Adapted from the acclaimed Patricia Highsmith novel “The Price of Salt,” Carol was a rare story about gay rights in a context that left the characters in a decent place at the end. With an attempt to undo homosexual taboo, Highsmith changed her mostly-thriller style to craft a beautiful romance between the seductive mother (Cate Blanchett) and the agreeable and timid store-clerk (Rooney Mara). Both actresses have received numerous accreditation and nominations for their work in this, and rightfully so, although the film does occasionally suffer from poor pacing and a lackluster adapted screenplay.
The film opens up with Therese Belivet (Mara) working in a department store selling Christmas dolls and model train sets. She catches the eye of Carol Aird (Blanchett), a 40ish mother with a forceful assertiveness but a playful and flirtatious demeanor. They begin talking, and Carol starts her seduction of Therese, even leaving behind a pair of gloves for her to return. When she does, they agree to a lunch date, and then a dinner date, and then a Christmas get-together, and so on. Their relationship begins to bloom, with Therese leaving behind her boyfriend Richard (Jake Lacy) and denying a chance to be a New York Times photographer from her friend Dannie (John Magaro).
Carol, however, is also dealing with personal strife. Her husband Harge (Kyle Chandler) has suspected their separation to be due to Carol seeing other women, a fact that is mostly true, but it’s obvious that Harge and Carol still care about one another, just not really romantically. Harge threatens to take full custody of Carol’s daughter, exposing a previous homosexual relationship with her friend Abby (Sarah Paulson) in a court exhibit. The custody petition grants Harge temporary custody, so Carol flees the state until the final hearing, convincing Therese to go on a road trip to Chicago with her by car, partially for sexual discovery, partially for companionship and healing.
Although the scenes of pure acting bliss between the great Blanchett and the surprisingly good Mara are in an occasionally confusing context, it’s their grounded performance that keeps it afloat in a clear Oscar-caliber picture that showcases the mixture of romance and confusion that these two characters are dealing with. Blanchett, again, plays a bit of a larger-than-life character as she always does. She’s tall, assertive, and commands the screen when she’s in frame. There’s an occasional spot in her movies when her constant focus on being ‘the stunning older woman’ can be a bit irritating, something Meryl Streep may have went through at that age as well. Actors with such a pedigree reach a point where they really have to stretch out before what worked for them before fizzles out. Blanchett still is doing a great job, but I’d like her next movie to be something a little out of left field. Regardless, this is some of the best acting she’s ever done.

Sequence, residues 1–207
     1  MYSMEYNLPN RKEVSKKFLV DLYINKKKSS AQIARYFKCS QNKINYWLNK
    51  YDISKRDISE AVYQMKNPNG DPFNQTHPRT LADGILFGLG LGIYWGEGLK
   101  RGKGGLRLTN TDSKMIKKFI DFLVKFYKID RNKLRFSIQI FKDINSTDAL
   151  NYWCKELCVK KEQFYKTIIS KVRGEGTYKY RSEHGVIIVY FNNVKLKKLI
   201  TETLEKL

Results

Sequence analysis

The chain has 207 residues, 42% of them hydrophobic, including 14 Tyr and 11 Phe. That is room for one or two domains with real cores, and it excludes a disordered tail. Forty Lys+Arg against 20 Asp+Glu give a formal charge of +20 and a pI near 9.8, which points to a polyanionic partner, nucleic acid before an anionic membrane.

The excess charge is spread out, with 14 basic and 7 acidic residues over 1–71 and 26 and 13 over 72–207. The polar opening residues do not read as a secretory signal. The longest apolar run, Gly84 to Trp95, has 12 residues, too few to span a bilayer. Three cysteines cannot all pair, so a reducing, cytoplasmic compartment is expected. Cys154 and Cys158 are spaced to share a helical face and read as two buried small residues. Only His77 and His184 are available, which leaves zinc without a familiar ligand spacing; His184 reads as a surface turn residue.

Mara also does a nice job. She’s not known for being timid in a way that the film writes her character, and her growth as she discovers herself is really evident in a great scene that occurs near the end of the movie. Other than her Oscar-nominated turn in The Girl With The Dragon Tattoo, Mara hasn’t really been that exposed as a good actress, and this should help her. She starts under the spell of the robust and stunning Blanchett, but then settles into her role quite nicely. The growth of their romance is good, but it’s after they become comfortable with each other that becomes great, such as small conversations about ‘getting some magazines for the road,’ or small and personal things that signify their eventual comfort and relaxed nature with each other. That’s the real hero in their relationship, familiarity. We can attest to it, latch onto it, and enjoy two great actresses doing a great job on screen.
The flaws really become evident from the get-go, however. In a film that has its major sub-plot be decided by a legal custody battle, it was only logical to assume that Phyllis Nagy (the screenwriter) and director Todd Haynes would have to know the way to present this subplot in a correct and studious fashion. They do not. The legal battle that ensues between Blanchett and Kyle Chandler’s Harge is emotional, but it’s not grounded in court procedure at all. It’s frustrating to watch an emotional element of the story be bogged down by details that don’t really make a ton of sense. Nagy has never written a theatrical film before, and it shows. The pacing is very off here, and the way that Mara and Blanchett’s relationship starts feels rushed and confused. Haynes seems so focused on crafting this glossy, interesting visual aesthetic, crafted by cinematographer Edward Lachman, around the film that the holes in the screenplay become unnoticed. Not only were they frustrating, but it did occasionally take me out of the movie and question its overall quality.
The scenes that showcase the Holiday season, and the winter, warm romance that blossoms between the characters is certainly a toasty drama for the holidays. It’s extremely enjoyable to curl up in the theater and witness some of the great scenes, but like I stated before, it does become frustrating when certain parts of the story feel so illogical and inaccurate. Kyle Chandler puts in a great supporting performance, but he often feels like ‘the evil ex-husband trope,’ and Sarah Paulson doesn’t add very much to this either. When the film derails from the admittedly rushed and implausible romance between the central characters, it suffers. Luckily, they are the stars, they’re on the screen for the most time, and it makes some of the plot holes a little more forgivable because of the great acting and interesting visual nature of the film.